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: The Coat :

an excerpt by Uwe Timm, translated by Robert C. Conard


She climbed the steps. Where they widened by the wall, in the corner of the stairwell, she stood for a minute, waiting to catch her breath. Her knees trembled, she thought that’s from the fright, it still sticks in my limbs. She started up again, supporting herself with her left hand on the banister. Most of the brass strips on the edge of the steps were torn away, the linoleum was frayed and covered with the dust of gray plaster. The banister on the second flood wobbled. Drawn on the walls were large stick figures, and in large script were initials and names that meant nothing to her. When she moved in twenty-six years ago, the janitor lived downstairs. He swept the steps every day and cleaned the stairwell every other. Now, once a week two Africans came and mopped the stairs.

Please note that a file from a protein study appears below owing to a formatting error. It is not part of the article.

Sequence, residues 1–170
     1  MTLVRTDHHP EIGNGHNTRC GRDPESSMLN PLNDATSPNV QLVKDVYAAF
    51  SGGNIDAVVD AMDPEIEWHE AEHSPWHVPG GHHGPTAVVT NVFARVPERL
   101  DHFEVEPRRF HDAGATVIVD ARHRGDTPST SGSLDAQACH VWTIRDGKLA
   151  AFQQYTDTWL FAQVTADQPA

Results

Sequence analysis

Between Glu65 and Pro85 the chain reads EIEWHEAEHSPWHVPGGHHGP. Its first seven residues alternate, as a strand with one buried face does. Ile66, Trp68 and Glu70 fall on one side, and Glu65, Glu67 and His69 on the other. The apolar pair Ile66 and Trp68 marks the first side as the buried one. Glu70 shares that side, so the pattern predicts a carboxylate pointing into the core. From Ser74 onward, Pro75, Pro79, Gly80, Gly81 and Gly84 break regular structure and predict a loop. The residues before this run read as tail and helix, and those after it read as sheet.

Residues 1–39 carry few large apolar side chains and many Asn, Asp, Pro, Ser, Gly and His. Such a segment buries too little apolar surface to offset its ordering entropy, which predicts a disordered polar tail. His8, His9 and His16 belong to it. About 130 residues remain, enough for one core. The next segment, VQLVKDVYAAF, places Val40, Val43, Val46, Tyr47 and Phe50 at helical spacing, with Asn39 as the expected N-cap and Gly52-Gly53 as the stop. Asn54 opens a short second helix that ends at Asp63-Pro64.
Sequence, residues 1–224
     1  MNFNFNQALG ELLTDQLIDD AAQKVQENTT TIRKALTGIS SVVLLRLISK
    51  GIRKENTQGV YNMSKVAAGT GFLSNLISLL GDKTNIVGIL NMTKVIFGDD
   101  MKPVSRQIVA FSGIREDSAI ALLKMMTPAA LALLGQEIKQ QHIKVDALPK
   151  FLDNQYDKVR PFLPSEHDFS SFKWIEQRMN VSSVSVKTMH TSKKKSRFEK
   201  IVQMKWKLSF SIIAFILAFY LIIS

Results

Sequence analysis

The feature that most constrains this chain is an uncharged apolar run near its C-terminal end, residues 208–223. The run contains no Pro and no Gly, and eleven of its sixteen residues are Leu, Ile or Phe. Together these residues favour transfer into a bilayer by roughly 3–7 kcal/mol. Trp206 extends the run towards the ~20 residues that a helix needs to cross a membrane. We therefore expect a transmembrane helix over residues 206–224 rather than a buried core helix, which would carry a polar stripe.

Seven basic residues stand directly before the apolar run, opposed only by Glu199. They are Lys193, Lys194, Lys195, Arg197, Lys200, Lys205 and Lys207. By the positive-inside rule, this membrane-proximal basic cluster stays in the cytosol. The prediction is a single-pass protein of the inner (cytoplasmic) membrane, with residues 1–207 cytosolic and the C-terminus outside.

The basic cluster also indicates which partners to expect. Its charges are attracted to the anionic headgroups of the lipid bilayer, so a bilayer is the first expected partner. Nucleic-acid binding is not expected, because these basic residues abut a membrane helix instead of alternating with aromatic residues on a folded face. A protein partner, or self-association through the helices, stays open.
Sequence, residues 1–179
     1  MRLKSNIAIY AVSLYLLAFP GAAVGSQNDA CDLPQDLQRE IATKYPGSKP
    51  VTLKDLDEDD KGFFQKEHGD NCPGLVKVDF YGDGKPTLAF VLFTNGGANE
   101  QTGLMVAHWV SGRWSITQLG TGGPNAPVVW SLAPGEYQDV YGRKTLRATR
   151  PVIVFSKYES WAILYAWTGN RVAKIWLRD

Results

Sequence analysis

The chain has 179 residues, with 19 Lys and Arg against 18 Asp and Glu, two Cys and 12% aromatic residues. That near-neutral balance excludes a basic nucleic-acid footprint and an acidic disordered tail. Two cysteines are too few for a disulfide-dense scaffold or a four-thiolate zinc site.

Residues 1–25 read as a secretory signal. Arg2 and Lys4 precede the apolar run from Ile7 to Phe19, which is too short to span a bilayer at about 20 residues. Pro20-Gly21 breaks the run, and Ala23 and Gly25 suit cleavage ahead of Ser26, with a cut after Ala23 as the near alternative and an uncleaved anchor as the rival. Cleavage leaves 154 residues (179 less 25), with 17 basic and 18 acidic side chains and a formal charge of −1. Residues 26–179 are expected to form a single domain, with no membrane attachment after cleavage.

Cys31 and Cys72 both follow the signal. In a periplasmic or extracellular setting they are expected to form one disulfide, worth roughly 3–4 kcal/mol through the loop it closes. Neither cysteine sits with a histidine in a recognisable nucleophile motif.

She heard steps coming from above and stopped, tried to breathe calmly and to hide her trembling hand. A young man came toward her carrying a red bicycle on his shoulder. He nodded to her. She said hello. Then she turned her back to the wall, making room for his bike, but really to hide her back. I should never have worn the coat, she thought. It was a mistake. I should have worn my brown cloth coat even though the sleeves are worn to a shine, and sometimes frayed threads have to be snipped with a nail scissors, but it isn’t warm. The other coat as she called it was warm, really warm. A nutria coat, made of the best pelts. It had turned cold overnight, and the apartment was cold in the morning. She had turned the heat up just before supper for three hours. For the last two years she had been thinking of selling the coat. Once she even went to the furrier on Oster Street, the last such shop in the neighborhood. A few years ago there were four—no five. Now just one. And in its window are just leather goods, seldom a fur coat.



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